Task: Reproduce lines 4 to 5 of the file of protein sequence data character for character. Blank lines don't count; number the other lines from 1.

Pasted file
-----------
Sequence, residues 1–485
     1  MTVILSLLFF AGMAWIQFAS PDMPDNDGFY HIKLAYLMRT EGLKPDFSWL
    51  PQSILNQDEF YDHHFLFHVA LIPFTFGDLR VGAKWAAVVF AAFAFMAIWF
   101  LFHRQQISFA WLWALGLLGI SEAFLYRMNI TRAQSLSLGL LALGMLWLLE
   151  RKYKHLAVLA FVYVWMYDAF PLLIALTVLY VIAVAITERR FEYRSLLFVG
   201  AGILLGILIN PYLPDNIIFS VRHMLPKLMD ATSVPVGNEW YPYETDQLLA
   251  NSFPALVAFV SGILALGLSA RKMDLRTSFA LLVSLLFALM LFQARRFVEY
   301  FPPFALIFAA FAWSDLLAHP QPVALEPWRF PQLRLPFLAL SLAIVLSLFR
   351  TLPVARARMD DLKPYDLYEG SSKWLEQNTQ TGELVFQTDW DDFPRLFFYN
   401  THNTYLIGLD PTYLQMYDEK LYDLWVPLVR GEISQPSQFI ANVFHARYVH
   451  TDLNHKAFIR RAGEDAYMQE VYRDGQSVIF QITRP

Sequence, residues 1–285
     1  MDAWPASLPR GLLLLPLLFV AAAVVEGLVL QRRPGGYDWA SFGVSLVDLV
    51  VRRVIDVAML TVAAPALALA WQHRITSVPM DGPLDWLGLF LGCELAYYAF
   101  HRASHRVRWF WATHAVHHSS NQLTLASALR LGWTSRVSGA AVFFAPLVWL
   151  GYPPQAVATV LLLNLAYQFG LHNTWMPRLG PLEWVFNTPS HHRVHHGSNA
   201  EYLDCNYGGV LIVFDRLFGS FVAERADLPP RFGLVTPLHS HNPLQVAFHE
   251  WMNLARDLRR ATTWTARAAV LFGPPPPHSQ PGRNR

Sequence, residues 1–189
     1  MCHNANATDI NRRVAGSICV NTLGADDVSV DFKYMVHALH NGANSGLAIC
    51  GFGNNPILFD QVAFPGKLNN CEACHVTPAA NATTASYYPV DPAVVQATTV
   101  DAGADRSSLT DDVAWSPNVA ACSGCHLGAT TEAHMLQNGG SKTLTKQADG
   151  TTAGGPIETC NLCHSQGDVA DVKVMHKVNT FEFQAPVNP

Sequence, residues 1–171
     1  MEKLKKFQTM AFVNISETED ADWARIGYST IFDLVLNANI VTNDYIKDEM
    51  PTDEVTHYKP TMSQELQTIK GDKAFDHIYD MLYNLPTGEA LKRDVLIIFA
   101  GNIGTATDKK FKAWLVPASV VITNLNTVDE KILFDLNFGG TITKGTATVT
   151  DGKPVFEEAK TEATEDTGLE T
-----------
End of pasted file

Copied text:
   101  LFHRQQISFA WLWALGLLGI SEAFLYRMNI TRAQSLSLGL LALGMLWLLE
   151  RKYKHLAVLA FVYVWMYDAF PLLIALTVLY VIAVAITERR FEYRSLLFVG